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Mol Genet Metab. 2013 Nov;110(3):248-54. doi: 10.1016/j.ymgme.2013.08.018. Epub 2013 Sep 8.

Biotinidase knockout mice show cellular energy deficit and altered carbon metabolism gene expression similar to that of nutritional biotin deprivation: clues for the pathogenesis in the human inherited disorder.

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  • 1Unidad de Genética de la Nutrición, Instituto de Investigaciones Biomédicas-Universidad Nacional Autónoma de México-Instituto Nacional de Pediatría, México City, México.


Biotin is the prosthetic group of carboxylases that have important roles in the metabolism of glucose, fatty acids and amino acids. Biotinidase has a key role in the reutilization of the biotin, catalyzing the hydrolysis of biocytin (ε-N-biotinyl-l-lysine) and biocytin-containing peptides derived from carboxylase turnover, thus contributing substantially to the bioavailability of this vitamin. Deficient activity of biotinidase causes late-onset multiple carboxylase in humans, whose pathogenic mechanisms are poorly understood. Here we show that a knock-out biotinidase-deficient mouse from a C57BL/6 background that was fed a low biotin diet develops severe ATP deficit with activation of the energy sensor adenosine monophosphate (AMP)-activated protein kinase (AMPK), inhibition of the signaling protein mTOR, driver of protein synthesis and growth, and affecting the expression of central-carbon metabolism genes. In addition, sensitivity to insulin is augmented. These changes are similar to those observed in nutritionally biotin-starved rats. These findings further our understanding of the pathogenesis of human biotinidase deficiency.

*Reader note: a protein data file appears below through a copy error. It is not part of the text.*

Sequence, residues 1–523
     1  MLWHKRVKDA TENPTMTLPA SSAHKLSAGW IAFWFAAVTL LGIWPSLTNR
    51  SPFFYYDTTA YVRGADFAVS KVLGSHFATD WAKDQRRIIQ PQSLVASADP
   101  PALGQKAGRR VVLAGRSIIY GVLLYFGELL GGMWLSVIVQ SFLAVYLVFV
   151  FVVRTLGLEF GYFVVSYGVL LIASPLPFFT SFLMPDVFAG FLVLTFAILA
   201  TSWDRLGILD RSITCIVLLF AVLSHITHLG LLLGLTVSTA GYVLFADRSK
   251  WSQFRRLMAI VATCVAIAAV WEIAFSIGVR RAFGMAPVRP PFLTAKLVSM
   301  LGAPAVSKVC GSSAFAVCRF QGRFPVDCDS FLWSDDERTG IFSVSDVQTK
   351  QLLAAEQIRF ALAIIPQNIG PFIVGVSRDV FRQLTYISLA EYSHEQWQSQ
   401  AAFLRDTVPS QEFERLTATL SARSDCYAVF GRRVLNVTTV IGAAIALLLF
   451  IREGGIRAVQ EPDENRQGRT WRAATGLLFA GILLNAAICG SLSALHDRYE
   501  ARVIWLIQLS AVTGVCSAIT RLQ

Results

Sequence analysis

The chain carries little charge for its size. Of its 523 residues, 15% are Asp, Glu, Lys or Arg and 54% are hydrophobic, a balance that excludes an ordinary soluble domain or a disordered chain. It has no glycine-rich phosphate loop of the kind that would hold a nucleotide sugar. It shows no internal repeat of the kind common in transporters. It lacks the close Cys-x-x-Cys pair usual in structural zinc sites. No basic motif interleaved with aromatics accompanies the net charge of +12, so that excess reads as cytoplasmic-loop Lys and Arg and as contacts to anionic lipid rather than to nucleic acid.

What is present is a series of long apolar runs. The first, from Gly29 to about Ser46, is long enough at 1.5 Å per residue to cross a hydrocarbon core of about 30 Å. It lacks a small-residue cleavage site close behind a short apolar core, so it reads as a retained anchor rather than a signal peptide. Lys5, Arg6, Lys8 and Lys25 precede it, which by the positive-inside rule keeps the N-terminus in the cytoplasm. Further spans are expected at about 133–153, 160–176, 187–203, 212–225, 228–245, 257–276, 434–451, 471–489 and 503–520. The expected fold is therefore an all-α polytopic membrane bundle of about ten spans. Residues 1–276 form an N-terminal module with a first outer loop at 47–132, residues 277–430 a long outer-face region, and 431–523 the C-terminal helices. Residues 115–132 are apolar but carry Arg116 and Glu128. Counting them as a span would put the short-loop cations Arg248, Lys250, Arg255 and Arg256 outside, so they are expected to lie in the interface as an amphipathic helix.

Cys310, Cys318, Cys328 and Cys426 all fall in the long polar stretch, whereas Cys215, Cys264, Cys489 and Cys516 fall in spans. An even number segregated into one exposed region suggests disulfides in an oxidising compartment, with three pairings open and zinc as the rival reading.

AMPK; Biotin deficiency; Biotinidase knockout; Insulin sIgnaling pathway; Insulin sensitivity; energetic deficit

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